I had the privilege of being able to attend the Unite for Sight Global Health and Innovation Conference at Yale University this last weekend. The conference is the world’s leading global health and social entrepreneurship conference, which welcomed over 2,200 participants from all 50 states and 50 countries. The participants were a diverse group of ambitious individuals to say the least. From undergraduate Harvard students, who already have booming social enterprise businesses, to seasoned professionals, who are eager to share their current research in remote parts of the world, to academic icons, who head prestigious global health departments of the world’s leading academic institutions.
Let me share with you a few of my thoughts, and the ideas and people that struck me as exceptional.
Sasha Dichter– Chief Innovation Officer of Acumen Fund
Sasha spoke on why social enterprises are important and shared some helpful tips for constructing one. Social enterprises link philanthropic missions to a market based approach. Market based models are useful because they are set up for quicker innovation to solve problems.
He also gave a few pointers on how to make change:
1. mobilize resources: need money behind your ideas
2. listen to customers and understand their needs before you move forward with your idea
3. never lose hope of the possibility that individuals have to make meaningful social change
Neal Baer– Clinical Professor of Preventive Medicine; Executive Producer, A Gifted Man, CBS
Neal spoke about show to create a meaningful story that invokes thought from the audience. One way to do this is to expand story parameters, by investigating past the beginning and ending of the story you are given. For example, it was only until doctors went beyond simply treating children for re-occuring asthma that they found a solution that stopped the cycle. Doctors investigated the homes of their patients and found that the parents needed to start vacuuming to eliminate the antigens that were provoking their children’s asthma attacks.
Neal also talked about how useful twitter can be in not only raising awareness for an issue, but giving people a way to act. His bubble tweet on issues like rape kits have generated more than 3 million hits.
Jeffrey Sachs- Director of Earth Institute, Columbia University
Jeffrey spoke on the lessons we have learned from fighting malaria and the future challenges that we face. Malaria kills 1 million people a year. The problem with malaria in Africa is that they have a hospitable climate for malaria carrying mosquitos, and the type of mosquito’s in Africa almost exclusively feed on humans rather than animals, which spreads the disease more rapidly than other regions of the world. Long lasting insecticide treatment nets last for 5 years, and since 2004, malaria has come down 30-40%. The problem is, we need 3-4 billion per year to keep malaria prevention efforts up (what the pentagon spends in 2 days), but we only have 1-2 billion for these efforts. Since the mosquitos in Africa have a huge reproductive number, if we don’t hold ground on prevention efforts, we will move backwards.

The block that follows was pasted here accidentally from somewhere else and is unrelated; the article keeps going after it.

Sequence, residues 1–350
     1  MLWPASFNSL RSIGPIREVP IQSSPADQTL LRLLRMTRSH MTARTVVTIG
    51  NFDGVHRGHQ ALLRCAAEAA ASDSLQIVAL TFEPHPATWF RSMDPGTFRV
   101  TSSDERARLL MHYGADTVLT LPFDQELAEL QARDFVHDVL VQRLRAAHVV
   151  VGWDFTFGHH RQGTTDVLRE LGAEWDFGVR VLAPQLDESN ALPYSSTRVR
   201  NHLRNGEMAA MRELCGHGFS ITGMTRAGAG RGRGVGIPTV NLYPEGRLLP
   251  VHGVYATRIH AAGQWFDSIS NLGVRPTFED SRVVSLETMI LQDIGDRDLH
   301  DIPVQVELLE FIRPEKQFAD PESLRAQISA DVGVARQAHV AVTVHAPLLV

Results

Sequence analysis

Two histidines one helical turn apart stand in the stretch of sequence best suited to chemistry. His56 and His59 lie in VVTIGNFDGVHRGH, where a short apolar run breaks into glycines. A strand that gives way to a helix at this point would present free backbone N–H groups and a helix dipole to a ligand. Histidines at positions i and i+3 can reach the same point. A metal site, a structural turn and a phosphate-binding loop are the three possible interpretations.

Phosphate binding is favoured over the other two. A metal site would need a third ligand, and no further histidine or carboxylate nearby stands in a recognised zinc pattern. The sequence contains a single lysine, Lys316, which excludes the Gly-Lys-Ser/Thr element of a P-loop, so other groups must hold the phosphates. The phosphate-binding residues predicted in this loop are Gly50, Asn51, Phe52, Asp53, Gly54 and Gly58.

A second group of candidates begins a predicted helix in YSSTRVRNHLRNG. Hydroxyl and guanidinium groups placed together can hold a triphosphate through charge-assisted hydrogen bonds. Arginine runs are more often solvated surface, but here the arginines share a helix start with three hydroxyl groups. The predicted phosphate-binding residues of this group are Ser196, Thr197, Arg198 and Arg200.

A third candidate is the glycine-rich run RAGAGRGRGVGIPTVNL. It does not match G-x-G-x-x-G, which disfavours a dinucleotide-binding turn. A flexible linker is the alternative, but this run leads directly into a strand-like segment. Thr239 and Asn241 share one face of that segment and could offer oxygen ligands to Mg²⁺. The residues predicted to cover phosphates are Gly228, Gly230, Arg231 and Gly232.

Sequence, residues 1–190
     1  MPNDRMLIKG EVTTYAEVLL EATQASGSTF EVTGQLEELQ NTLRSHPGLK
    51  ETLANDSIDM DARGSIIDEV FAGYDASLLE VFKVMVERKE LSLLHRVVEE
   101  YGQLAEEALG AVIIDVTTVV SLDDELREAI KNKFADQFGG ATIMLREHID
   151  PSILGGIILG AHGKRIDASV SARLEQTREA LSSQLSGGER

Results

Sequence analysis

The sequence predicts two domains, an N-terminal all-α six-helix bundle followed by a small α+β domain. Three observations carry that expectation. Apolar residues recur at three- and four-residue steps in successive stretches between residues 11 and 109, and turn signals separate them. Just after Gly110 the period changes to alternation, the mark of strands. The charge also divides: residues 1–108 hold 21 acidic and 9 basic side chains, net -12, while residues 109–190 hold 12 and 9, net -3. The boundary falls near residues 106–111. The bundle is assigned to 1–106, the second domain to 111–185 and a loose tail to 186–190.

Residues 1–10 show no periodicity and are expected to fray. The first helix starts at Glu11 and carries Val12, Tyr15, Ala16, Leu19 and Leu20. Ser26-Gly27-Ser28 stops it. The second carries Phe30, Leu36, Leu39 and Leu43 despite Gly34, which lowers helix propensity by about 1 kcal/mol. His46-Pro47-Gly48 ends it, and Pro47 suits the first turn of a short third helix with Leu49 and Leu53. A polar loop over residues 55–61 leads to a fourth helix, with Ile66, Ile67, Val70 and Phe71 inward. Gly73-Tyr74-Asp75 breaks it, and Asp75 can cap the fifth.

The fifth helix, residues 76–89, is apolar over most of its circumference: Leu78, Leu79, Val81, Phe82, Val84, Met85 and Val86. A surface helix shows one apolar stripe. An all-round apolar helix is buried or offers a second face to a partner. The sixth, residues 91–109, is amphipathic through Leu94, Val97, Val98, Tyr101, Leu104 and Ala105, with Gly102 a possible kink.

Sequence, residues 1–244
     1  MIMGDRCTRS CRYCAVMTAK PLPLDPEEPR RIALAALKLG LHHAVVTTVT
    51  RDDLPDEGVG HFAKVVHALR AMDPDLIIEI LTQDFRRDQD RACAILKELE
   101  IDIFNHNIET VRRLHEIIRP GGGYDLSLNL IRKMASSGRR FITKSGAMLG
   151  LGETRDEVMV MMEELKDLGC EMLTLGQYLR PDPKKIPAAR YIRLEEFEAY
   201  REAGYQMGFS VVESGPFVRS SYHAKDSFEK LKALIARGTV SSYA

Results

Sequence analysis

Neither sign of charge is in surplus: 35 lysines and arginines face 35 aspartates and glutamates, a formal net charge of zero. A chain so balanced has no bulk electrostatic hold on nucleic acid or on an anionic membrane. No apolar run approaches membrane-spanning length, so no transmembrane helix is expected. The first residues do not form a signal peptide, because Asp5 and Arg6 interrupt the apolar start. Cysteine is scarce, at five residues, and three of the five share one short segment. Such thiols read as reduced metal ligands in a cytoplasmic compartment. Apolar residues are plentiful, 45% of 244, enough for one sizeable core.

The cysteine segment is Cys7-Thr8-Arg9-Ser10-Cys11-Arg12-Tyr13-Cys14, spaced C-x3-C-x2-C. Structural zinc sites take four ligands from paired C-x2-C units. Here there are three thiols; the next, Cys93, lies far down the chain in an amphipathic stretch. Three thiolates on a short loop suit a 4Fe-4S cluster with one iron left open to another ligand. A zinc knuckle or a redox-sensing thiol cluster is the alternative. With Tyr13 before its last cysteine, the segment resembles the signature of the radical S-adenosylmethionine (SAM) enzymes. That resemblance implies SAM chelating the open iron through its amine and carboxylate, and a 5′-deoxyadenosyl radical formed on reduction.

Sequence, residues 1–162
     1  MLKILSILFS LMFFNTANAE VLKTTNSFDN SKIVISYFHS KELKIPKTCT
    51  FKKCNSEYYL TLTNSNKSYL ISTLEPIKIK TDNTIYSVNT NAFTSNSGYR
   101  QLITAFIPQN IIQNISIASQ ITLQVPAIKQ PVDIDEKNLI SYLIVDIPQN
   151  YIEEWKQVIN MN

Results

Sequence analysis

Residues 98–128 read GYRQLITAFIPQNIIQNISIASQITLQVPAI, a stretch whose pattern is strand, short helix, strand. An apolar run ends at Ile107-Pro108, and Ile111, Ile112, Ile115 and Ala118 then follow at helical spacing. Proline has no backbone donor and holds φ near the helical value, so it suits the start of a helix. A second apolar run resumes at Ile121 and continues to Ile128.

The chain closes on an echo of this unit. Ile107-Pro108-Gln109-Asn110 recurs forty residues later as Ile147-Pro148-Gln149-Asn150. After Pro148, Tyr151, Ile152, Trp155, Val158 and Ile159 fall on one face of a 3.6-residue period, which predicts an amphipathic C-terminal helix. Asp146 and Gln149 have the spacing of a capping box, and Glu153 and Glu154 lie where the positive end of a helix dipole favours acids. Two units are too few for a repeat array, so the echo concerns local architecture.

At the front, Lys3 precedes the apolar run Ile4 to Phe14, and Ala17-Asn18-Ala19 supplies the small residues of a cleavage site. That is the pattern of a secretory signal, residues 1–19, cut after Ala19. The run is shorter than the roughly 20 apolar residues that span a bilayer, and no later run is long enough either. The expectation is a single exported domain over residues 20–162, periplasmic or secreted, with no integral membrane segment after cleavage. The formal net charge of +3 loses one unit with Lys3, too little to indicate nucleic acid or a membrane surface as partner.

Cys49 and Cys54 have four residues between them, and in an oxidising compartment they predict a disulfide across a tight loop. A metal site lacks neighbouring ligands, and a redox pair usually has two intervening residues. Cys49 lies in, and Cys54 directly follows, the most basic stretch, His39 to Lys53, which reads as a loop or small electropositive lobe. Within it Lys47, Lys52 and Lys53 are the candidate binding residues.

Tyler Gage- CEO of RUNA Amazon Guayusa
Tyler started RUNA fresh out of Brown with a degree in linguistics. It all began after visiting the equadorian rainforest and trying the local tea, guayusa. He realized the drink had more antioxidants than green tea and equivalent caffeine of a cup of coffee and started working on how to export it to the US. In 2009, Tyler built the supply chain for Runa from scratch, and he currently supports 1,200 indigenous farmers and has generated $100,000 in direct revenue from his beverage business. He is currently working with ministry of environment in Ecuador to write sustainability practice for harvest guayusa ethically and sustainably. He also has plans to turn the business over to the local tea harvesters by slowly giving them shares of the company.
Some random quotes from various speakers that I enjoyed:
- innovation almost always uses existing ideas and technology
- don’t lose the sense of possibility that individuals have to make change
- people don’t care about health as much as they care about their image (water and sanitation innovations that work and don’t work because of their appealing design)
- organic is a social justice movement, its not just about health (Kopali Organics- http://kopali.net/)
- development is the participation of the community in self defined uplifment (Dean’s Beans- http://www.deansbeans.com/)
- Growth is the outcome of business done well
- Pose complicated questions in the way you tell stories- they allow individuals to see and think differently (Neal Baer)
- collaboration is our competitive advantage
- if we don’t change the direction we are headed, we will end up where we are going (Chinese proverb in regards to food security)
- it is a fundamental right for everyone to be free from hunger, but there are 1 billion people who are malnourished, and 1.5 billion people who are over nourished